Gayla is a writer, photographer, and former graphic designer with a background in the Fine Arts, cultural criticism, and ecology. She is the author, photographer, and designer of best-selling books on gardening, cooking, and preserving.

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8 thoughts on “The Future of Food

  1. Amen!
    I saw what looked like a trailer for Fast Food Nation yesterday on That one will be good, too.

    Now that I’m running out of the fresh from my garden produce and the cold crops aren’t quite ready, I find the produce at my nearest supermarket quite sad looking, even the more expensive organic varieties.

  2. Thanks for bringing this film to my attention. I’ve never heard of it before!

    I HIGHLY recommend Michael Pollan’s book “The Omnivore’s Dilemma”. In it, he goes back to the source of four meals taken from four food systems:
    1. industrial (McDonalds)
    2. industrial organic (Whole Foods)
    3. “beyond” organic (alternative farming, managed intensive grazing, etc)
    4. hunted/grown/gathered

    This book totally changed how I look at food. “The Future of Food” would compliment it too, because Pollan doesn’t discuss the GMO issue in his book.

    Thanks again, Gayla!

  3. Renee: I saw the trailer and was surprised it’s been made into a narrative rather than a documentary. Interesting.

    Melamalie: I’ve been meaning to get his new book but damn those publishers and their need to bring books out in hardcover first. I read that they moved towards bioengineering in The Future of Food because they felt that was the bigger issue… and it all ties in together anyways. I saw a quote from the director somewhere saying that there was a time when you could just choose a certain food system to support and leave it at that but GMOs are contaminating everything so that freedom of choice is diminishing.

  4. the movie sounds good, i’ll try to see it. also, i read the first few chapters of The Omnivore’s Dilemma in a pdf preview and it looks both informative and entertaining. i’d be interested to hear your take on it, gayla, and if it’s as useful as it is thought-provoking…

  5. I enjoy this website, but as one with an acutal agricultrual degree (emphasis in mircobiology and public health), I am annoyed about the much maligned GMOs. I would watch this movie, but am already suspect about its credibility, esp. with the info you post above. if it is “unnatural” for species to share genes, then why would one worry about a gene inserted into a plant finding its way into harmful bacteria. not only are most resistance genes for antibiotics that aren’t used in humans, it is much more likely that resistance will stem from either the natural selective pressure an antibiotic exerts on bacteria, or misuse/overuse of antibiotics in humans. the most common way to insert genes into plant cells is not bacteria anymore, the plasmid used is very large and there are easier methods. it is with a gene gun that fires a particle of gold coated in the gene into the cell. but one should worry because not only are bacteria from the soil already interacting with the cells, but e.coli is found in your body naturally. what most people worry about is a strain called 0157:H7 (most likely caused by overuse of antibiotics in cows in the 50s). GMOs are nothing new, semolina flour was created hundreds of years ago with the crossing of three different species. You (or the movie) depict GMOs as viruses in the plant community, but they are doing what normaly, natural plants do – pollen disemination. it doesn’t decrease diveristy, but increases it. Please, before you preach the evils of GMOs, take an acutal unbiased view.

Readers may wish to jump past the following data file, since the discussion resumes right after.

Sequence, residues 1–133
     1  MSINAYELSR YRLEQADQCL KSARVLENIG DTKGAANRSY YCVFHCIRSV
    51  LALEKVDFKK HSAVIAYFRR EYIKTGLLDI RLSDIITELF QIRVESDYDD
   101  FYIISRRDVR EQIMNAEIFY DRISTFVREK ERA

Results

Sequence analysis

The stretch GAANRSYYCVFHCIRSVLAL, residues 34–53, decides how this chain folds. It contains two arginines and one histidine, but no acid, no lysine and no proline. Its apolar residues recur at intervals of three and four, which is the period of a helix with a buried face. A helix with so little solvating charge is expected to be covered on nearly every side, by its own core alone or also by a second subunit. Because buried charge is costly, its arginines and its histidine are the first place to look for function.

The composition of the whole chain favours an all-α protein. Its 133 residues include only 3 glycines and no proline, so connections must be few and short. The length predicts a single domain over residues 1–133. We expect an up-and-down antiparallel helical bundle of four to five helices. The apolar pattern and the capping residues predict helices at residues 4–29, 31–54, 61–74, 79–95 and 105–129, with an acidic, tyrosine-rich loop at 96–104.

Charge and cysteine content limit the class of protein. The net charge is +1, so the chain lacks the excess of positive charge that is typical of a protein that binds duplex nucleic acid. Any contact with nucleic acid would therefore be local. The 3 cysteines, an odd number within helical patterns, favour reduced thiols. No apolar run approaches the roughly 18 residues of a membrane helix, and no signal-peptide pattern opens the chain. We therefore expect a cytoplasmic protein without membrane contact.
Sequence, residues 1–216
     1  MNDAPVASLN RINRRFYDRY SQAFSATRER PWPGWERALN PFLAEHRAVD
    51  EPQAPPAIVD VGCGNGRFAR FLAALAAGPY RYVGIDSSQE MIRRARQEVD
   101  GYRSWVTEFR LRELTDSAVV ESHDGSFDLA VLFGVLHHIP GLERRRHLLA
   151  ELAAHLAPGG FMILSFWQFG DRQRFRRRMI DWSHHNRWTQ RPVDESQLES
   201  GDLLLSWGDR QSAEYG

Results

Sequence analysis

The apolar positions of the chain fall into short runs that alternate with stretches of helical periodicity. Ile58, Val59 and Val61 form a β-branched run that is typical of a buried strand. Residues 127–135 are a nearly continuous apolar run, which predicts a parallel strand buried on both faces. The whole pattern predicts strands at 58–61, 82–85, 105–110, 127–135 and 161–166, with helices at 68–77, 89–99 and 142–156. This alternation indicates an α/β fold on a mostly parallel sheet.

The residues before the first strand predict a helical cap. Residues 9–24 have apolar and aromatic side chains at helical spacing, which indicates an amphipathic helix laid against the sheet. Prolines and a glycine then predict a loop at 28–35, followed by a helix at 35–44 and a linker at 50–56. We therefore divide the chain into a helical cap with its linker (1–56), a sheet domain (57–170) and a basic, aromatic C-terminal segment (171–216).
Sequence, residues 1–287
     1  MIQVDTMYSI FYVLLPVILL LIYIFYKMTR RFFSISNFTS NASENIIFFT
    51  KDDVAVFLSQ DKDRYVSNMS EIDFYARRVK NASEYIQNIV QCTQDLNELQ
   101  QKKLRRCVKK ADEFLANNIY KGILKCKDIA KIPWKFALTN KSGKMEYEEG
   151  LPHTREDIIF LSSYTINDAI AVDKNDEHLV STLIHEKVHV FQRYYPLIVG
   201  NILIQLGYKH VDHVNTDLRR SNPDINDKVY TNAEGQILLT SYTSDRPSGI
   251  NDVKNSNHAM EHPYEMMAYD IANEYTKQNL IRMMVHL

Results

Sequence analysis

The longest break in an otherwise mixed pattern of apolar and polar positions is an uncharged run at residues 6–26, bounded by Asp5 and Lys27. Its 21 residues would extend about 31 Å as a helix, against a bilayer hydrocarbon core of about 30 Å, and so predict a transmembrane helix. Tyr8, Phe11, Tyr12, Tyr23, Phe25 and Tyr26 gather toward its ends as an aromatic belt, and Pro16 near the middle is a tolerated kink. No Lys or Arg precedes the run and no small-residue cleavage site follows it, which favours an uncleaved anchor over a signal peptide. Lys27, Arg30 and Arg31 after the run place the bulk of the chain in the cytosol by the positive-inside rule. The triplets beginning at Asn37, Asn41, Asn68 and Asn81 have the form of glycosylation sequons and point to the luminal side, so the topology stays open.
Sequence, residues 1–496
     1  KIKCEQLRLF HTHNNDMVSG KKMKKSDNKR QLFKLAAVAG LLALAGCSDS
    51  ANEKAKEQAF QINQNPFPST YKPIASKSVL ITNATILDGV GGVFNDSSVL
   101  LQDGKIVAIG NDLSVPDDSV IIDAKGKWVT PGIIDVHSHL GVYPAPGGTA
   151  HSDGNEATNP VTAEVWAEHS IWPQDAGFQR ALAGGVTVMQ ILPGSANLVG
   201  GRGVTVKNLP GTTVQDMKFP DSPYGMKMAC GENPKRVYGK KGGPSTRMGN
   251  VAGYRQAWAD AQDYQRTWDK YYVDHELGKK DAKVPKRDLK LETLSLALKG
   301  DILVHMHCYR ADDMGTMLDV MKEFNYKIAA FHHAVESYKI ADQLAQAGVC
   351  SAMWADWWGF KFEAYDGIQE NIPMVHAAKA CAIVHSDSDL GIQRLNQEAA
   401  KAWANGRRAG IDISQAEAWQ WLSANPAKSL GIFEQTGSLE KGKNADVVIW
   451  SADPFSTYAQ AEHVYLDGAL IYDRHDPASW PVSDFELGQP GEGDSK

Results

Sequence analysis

6. Patrick I’m not unconvinced that you aren’t a spammer working for Monsanto. I’ve allowed your comments through because I’m not shy about debating, but the way you make your argument is suspicious and insulting. Twice now you have tried to assert that I don’t know what I’m talking about… a bad attempt to try and garner some kind of authoritative position. You have only commented on posts where I mentioned gmos in full or even in passing but have never commented on or particpated in any other area of this site. You ask me to take an unbiased position before drawing a conclusion or having an opinion, yet yours obviously isn’t unbiased — you clearly have a personal vested interest in presenting GMOs in a favourable light.

    I do have a bias — which is also known as my opinion — and that is the postion from which I am writing. I don’t claim otherwise and there is nothing inappropriate about it. I am not prompted by money or funding from any corportation or organization to do so.

    That said you are making the same deflated argument I hear over and over again that attempts to draw comparisons between cross-pollination and biotechnology — making what large corporations are doing in labs seem like something that would happen naturally in the wild. As “someone with an agricultural degree” you should know that the two are not comparable for a myriad of reasons and that biotech processes do not increase diversity by any stretch.